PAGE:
E3 2014: The Similarities and Differences Between Bloodborne and Dark Souls
Yes, PS4 exclusive Bloodborne looks like a Souls game. But in what way is it different?
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If you saw the announcement of From Software’s upcoming PS4 exclusive Bloodborne at the Sony E3 2014 press conference yesterday, then you probably thought the same thing I did: that this was a Souls game in everything but name. And after seeing the game in action today, I’m still of the same opinion, although it seems that Bloodborne won’t merely be a simple transposition of the successful Demon's/Dark Souls formula to a different environment. Bloodborne looks like it may be changing up the sometimes defensive-focused action of its progenitors, forcing you to become more offensive against its dangerous enemies.
First up, Bloodborne has no storyline ties to the Souls games, and has no link to those worlds apart from the fact that it’s being developed by From Software and directed by Hidetaka Miyazaki, who also oversaw both Demon's Souls and Dark Souls. Bloodborne takes place in a Victorian-era town called Yharnam, which, according to a post on the PlayStation blog from Sony Computer Entertainment Japan Studio producer Masaaki Yamagiwa, is a "terror-filled gothic world, a world full of deranged beings and nightmarish creatures."
The setting may be different to the medieval Souls series, but there are plenty of things that are highly reminiscent of both Demon's and Dark Souls. Everything from the way enemies hide around corners in ambush, or play dead until you walk right past them, to the way "souls" seem to flow out of a slain enemy into your body, or how your character hops backwards to avoid attacks, all looks very Souls. The game's structure also has shades of Dark Souls. In the demo I saw, the main character made his way around the narrow streets and bridges of Yharnam, taking on enemies in small groups and avoiding large gatherings. Eventually, the character was able to open up a shortcut that allowed him to access the area where he first began. While this is certainly more reminiscent of Dark Souls, game director Miyazaki did say that the overall layout of the game would be more akin to that of Demon's Souls.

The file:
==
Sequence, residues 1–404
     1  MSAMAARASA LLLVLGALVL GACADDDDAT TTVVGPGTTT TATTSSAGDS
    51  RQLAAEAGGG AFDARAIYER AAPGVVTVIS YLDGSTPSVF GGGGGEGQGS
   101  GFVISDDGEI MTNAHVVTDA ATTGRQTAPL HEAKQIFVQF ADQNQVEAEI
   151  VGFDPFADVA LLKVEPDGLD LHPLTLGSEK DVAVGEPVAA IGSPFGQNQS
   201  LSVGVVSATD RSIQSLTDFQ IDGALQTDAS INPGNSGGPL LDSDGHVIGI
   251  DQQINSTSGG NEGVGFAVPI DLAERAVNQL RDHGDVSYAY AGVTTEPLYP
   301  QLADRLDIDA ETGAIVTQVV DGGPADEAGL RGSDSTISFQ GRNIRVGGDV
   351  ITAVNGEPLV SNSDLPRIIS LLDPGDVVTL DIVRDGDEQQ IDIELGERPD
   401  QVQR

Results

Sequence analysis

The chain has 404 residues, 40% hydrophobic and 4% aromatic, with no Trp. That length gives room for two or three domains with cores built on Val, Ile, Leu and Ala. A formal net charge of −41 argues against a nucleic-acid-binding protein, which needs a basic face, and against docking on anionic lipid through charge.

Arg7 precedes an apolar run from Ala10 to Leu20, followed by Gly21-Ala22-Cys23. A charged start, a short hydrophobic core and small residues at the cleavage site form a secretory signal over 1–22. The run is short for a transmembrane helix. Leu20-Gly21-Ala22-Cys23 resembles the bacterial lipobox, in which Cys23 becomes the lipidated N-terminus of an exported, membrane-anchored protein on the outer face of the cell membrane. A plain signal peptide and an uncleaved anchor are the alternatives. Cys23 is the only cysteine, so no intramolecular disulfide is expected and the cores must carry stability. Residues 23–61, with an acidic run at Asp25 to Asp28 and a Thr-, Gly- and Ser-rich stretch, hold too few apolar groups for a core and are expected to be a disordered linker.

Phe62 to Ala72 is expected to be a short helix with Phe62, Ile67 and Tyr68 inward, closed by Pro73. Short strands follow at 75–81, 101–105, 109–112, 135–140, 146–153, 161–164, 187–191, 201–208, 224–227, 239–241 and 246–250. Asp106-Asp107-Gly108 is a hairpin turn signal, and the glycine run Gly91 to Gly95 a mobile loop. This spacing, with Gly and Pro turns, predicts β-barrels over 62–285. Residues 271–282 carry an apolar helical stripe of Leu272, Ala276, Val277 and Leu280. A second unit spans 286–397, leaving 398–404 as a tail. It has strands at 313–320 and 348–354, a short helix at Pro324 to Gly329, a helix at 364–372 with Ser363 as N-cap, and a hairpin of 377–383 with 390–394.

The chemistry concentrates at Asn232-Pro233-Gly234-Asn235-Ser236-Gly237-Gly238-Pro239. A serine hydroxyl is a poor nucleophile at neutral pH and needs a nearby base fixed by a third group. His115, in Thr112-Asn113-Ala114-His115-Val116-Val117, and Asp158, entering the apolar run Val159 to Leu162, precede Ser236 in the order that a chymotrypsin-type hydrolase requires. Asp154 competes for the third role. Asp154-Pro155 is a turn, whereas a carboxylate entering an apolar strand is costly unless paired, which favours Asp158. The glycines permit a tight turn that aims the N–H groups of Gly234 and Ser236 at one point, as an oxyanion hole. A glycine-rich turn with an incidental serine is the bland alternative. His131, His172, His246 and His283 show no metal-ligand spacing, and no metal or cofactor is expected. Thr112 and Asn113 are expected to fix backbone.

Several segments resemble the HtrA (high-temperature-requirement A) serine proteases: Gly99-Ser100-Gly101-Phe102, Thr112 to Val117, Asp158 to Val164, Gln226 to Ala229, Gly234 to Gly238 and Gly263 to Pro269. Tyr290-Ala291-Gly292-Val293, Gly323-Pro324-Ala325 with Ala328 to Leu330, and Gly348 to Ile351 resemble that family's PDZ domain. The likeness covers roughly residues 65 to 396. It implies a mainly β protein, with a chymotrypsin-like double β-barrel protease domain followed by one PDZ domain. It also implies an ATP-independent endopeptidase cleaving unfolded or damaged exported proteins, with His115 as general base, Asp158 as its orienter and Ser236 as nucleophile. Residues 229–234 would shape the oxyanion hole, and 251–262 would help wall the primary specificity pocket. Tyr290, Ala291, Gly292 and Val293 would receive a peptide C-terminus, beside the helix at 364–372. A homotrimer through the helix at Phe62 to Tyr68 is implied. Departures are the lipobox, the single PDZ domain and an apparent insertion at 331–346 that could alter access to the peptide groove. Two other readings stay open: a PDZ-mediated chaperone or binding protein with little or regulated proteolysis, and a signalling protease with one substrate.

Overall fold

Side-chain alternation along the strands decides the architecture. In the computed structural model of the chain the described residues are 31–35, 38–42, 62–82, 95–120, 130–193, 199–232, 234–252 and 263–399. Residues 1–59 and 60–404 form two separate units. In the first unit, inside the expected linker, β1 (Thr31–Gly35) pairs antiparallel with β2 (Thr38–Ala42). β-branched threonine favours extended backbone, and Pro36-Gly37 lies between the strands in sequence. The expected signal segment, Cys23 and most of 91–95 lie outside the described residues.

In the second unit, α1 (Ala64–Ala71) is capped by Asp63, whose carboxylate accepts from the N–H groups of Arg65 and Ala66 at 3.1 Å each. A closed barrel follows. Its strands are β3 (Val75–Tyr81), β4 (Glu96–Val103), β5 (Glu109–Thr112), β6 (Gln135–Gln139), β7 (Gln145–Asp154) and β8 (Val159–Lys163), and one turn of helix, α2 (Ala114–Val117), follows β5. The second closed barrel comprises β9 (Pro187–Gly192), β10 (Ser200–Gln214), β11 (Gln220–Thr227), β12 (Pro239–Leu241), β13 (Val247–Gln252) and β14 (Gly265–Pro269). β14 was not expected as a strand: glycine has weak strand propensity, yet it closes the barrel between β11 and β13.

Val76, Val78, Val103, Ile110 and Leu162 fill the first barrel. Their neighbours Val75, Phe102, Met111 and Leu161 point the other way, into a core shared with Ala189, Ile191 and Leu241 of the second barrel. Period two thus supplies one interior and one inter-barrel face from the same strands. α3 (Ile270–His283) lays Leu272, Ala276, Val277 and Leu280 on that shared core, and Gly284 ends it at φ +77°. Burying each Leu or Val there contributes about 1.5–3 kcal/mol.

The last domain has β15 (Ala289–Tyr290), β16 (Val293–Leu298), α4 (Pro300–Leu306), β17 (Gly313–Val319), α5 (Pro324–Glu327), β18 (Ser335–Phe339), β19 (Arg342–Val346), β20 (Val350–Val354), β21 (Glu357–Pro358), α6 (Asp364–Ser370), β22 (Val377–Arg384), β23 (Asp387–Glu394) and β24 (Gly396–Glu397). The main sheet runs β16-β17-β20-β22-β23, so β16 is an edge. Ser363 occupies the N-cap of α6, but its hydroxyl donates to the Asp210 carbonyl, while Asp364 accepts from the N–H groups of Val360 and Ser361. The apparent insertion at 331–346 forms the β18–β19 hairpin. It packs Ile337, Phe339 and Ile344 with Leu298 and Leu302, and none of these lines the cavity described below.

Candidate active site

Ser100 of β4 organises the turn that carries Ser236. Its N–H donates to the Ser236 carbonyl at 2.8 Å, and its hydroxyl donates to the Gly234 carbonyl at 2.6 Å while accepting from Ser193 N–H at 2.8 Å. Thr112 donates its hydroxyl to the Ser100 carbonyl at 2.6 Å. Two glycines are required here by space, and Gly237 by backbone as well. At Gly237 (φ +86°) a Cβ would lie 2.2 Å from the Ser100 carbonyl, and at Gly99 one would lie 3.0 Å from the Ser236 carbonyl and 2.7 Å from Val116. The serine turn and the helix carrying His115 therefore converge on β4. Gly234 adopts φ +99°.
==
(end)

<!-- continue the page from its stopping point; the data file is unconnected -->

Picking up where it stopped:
What did look different, however, was combat. The character in Bloodborne wields both a melee weapon and a gun at the same time. In this demo I saw, he had a mean-looking weapon called a saw cleaver in one hand, and a blunderbuss in the other. The saw cleaver could transform on the fly--its compact form seemed to allow for quicker swings, but when extended, it seemed to swing slower but deal more damage.
This translated to a faster combat feel in this Bloodborne demo, or certainly faster than most shield-wielding characters in a Souls game can muster. The character in Bloodborne often had to get in close to enemies, blasting them with the blunderbuss before following up with a swing from the saw cleaver. In fact, game director Miyazaki says making players more proactive in combat is one of the key things the team wants to introduce in Bloodborne, a deliberate move away from the defensive engagement he saw many players who played with sword and shield in previous Souls games relied on. In fact, Miyazaki said players who play passively in Bloodborne would be "overwhelmed", and that they needed to be aggressive at most times.
With aggression comes more death, however, but there may be some relief in that regard (or at the very least some changes). Miyazaki said that while the penalties for dying in Bloodborne had not been finalised yet, he did want the death penalty to be "not too severe this time".
The Bloodborne demo ended with a large boss fight against a towering, emaciated creature with long straggly fur and an exposed chest cavity. It looked tough to beat, which for any Souls fans, is great to hear. How the game's greater focus on aggression and its changes to death penalties will affect the crushing, oppressive, and demanding feel of a Souls game remains to be seen, but there's one thing that's clear about Bloodborne even at this early stage: it's building off a solid base, and I'm excited to see more.